Its' arrival in my life could scarcely have been more timely. My most recent "races" (or runs that I paid money for, since I wasn't racing, per say), have been... disappointing to say the least. I'm yet to familiarize myself with the experience of running an ultra well, and I believe that would enhance both my enjoyment and performance. I've received wonderful advice from wonderful athletes who have botched hundreds more races or runs than I, but who have also flirted with the elusive perfect day.
One of the first ways in which ultrarunning was described to me was as a discipline. Sure, its a sport, a game, a bit insane, but above all it is a discipline. Thus, it takes time, dedication, passion, patience, and persistence to reach a new level and soar to new heights. That brings me back to Jonathan Livingston Seagull: I know that I am strong and that I have trained reasonably well to make myself this way, but competing in races brings new challenges, with which I am not familiar and not always prepared to overcome. This being said, in Saturday's race, when I falter from my patience and begin calculating splits, thinking about how much longer another 25 miles can feel, reflecting on the elevation profile and the climbs that lay ahead, I'll bring this quote to mind:
"Don't believe what your eyes are telling you. All they show is limitation.
Look with your understanding. Find out what you already know
and you will see the way to fly."
"You will begin to touch heaven, Jonathan, in the moment that you touch perfect speed. And that isn't flying a thousand miles an hour, or a million, or flying at the speed of light. Because any number is a limit, and perfection doesn't have limits. Perfect speed, my son, is being there."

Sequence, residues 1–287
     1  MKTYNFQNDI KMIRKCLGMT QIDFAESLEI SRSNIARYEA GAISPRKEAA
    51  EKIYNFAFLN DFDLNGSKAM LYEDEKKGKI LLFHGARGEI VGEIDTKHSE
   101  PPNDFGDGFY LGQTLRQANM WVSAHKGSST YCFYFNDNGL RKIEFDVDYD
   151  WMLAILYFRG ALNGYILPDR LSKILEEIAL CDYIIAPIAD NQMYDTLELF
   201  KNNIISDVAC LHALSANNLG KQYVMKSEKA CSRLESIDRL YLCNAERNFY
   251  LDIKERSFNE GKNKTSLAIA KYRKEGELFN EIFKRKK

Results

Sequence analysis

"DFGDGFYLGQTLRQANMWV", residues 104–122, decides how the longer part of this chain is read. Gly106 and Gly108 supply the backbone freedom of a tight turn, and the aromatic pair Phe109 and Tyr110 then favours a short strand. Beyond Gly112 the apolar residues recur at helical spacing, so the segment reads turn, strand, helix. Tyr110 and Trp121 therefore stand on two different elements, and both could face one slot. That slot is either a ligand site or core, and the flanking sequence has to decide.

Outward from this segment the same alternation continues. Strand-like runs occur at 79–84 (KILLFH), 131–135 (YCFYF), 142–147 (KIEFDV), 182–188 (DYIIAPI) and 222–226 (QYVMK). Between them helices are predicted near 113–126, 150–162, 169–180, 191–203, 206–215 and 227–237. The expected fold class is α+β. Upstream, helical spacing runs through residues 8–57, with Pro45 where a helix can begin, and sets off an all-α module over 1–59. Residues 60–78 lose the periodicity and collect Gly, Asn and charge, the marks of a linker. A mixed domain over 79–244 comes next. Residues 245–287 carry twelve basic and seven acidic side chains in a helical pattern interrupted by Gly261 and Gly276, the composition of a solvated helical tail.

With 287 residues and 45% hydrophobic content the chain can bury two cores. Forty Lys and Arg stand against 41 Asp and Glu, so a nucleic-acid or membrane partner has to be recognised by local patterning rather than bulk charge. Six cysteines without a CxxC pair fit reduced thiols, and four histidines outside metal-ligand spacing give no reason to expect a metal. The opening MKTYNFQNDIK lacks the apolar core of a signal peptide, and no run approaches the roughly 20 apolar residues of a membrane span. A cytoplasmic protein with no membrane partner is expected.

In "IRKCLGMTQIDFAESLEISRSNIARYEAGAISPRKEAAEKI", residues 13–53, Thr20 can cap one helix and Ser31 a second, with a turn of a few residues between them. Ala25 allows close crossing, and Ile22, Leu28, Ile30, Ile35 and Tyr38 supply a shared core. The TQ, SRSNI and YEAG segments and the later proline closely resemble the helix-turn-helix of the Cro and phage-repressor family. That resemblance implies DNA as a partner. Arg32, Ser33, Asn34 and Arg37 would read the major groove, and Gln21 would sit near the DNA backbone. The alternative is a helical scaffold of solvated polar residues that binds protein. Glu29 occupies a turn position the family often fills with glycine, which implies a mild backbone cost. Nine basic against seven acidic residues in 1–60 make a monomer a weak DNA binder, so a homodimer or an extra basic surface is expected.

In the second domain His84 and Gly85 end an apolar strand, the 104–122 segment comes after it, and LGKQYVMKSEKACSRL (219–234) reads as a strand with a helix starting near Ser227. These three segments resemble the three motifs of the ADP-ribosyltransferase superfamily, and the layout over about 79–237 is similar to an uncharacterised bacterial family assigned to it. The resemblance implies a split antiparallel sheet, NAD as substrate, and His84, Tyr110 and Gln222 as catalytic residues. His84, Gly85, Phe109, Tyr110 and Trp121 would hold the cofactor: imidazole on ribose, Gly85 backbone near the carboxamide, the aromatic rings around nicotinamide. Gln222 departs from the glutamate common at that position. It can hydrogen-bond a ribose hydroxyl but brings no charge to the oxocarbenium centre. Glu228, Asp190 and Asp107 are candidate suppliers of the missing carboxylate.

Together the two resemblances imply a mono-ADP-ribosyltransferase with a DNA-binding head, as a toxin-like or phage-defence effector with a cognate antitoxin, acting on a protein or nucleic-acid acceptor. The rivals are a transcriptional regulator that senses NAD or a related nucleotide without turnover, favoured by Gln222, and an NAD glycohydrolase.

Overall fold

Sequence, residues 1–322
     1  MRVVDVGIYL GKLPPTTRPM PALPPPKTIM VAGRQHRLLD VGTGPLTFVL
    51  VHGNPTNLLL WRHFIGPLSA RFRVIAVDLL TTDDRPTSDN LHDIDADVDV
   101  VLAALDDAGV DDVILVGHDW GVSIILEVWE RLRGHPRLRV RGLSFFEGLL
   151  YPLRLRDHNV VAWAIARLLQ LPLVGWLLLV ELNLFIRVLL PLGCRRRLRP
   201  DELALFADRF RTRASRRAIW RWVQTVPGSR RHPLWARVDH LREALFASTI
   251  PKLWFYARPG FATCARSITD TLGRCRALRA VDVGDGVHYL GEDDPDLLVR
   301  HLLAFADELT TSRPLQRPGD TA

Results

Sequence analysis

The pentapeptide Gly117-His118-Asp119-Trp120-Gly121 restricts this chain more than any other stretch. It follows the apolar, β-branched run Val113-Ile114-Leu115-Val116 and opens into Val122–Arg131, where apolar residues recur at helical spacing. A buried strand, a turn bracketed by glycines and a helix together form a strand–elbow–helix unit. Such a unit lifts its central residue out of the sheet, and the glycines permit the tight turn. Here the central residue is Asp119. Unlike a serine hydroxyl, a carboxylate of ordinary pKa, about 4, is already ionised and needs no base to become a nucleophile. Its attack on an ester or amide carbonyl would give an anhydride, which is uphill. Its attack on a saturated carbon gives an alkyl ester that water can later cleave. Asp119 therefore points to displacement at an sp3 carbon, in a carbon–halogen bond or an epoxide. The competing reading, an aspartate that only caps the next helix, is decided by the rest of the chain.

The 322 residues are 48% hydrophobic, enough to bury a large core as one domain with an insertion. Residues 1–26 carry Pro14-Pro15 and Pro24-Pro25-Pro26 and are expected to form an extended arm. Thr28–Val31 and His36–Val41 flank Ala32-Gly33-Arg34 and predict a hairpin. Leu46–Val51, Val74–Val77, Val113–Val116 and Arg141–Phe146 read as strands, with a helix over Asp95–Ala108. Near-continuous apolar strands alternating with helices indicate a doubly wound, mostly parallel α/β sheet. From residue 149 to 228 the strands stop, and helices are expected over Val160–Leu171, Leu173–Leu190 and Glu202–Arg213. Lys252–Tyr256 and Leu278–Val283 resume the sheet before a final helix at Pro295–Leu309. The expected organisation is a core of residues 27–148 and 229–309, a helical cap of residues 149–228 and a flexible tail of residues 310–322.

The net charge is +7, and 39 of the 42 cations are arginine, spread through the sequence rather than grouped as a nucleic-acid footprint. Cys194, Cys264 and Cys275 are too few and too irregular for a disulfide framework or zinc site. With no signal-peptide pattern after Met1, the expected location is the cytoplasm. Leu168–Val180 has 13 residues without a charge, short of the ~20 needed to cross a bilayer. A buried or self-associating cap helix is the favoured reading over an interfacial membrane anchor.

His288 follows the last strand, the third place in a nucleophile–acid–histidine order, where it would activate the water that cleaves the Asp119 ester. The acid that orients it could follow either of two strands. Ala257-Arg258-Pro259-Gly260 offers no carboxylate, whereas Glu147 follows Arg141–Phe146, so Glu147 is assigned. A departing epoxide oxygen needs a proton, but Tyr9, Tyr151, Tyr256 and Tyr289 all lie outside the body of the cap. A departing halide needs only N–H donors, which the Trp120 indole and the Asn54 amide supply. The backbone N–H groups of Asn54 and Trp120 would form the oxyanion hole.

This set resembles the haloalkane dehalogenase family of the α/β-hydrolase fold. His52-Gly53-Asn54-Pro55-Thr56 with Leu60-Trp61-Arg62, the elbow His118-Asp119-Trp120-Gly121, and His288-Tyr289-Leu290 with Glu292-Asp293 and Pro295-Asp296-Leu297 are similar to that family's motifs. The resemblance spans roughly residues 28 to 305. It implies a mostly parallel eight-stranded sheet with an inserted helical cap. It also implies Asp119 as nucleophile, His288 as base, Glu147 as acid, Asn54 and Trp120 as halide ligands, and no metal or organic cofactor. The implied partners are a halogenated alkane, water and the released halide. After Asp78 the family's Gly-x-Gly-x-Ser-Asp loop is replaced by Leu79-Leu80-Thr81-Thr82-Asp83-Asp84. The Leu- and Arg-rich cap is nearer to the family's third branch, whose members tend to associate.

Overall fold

Anyways, this coming weekend, my objective will be to be smart, patient, and present. It is foolhardy to convince myself that pausing to consume calories will save me time in the long run, because too few calories can slow me to a walk and eat up the clock. Its naive to ride the assumption that running my tail off in the first half will put time in the "bank" and allow for a decent finish despite poor running in the second half; in actuality to run strong and consistently, despite not breeching 8 or 9 minute miles, will produce a far stronger finishing time.
Thanks for reading through, heres the week in review:
6 miles out and back on the Pine Creek Trail with Mel and Luna, 1:00, 400 ft
11 miles with Luke on the CT (from Clear Creek Res.), to the Pine Creek Trail, 2:05, 3,000 ft
3 miles with Luna to and from a fishing hole, 35 minutes powerhiking, 600 ft
23 miles with Luna, 3 laps of the Highline-RockCreek loop at the Fish Hatch (Travis joined the last lap). Lap 1- 1:20, Lap 2- 1:19, Lap 3- 1:22, 4:01, 4,000 ft. I was really pumped about this workout, focused on my fueling by having a visit to the aid-stationwagon to start each loop, and felt strong the entire run.
8 miles with Luna on the CT south from Wurt's Ditch Rd, 1:20, 1,200 ft
51 miles, 9 hours, 9,700 ft